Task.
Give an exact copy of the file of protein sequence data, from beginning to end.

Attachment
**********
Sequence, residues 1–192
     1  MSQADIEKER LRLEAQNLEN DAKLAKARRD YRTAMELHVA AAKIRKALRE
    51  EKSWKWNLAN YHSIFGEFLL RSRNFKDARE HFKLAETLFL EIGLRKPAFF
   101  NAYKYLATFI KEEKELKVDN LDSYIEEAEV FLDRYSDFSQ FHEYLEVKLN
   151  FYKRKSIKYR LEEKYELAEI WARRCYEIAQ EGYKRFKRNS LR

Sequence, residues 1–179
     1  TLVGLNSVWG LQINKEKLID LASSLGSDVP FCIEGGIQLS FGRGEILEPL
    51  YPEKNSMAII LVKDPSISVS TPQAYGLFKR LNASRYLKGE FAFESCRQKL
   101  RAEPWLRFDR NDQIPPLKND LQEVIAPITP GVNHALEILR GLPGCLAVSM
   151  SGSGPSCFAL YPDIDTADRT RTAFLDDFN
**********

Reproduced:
Sequence, residues 1–192
     1  MSQADIEKER LRLEAQNLEN DAKLAKARRD YRTAMELHVA AAKIRKALRE
    51  EKSWKWNLAN YHSIFGEFLL RSRNFKDARE HFKLAETLFL EIGLRKPAFF
   101  NAYKYLATFI KEEKELKVDN LDSYIEEAEV FLDRYSDFSQ FHEYLEVKLN
   151  FYKRKSIKYR LEEKYELAEI WARRCYEIAQ EGYKRFKRNS LR

Sequence, residues 1–179
     1  TLVGLNSVWG LQINKEKLID LASSLGSDVP FCIEGGIQLS FGRGEILEPL
    51  YPEKNSMAII LVKDPSISVS TPQAYGLFKR LNASRYLKGE FAFESCRQKL
   101  RAEPWLRFDR NDQIPPLKND LQEVIAPITP GVNHALEILR GLPGCLAVSM
   151  SGSGPSCFAL YPDIDTADRT RTAFLDDFN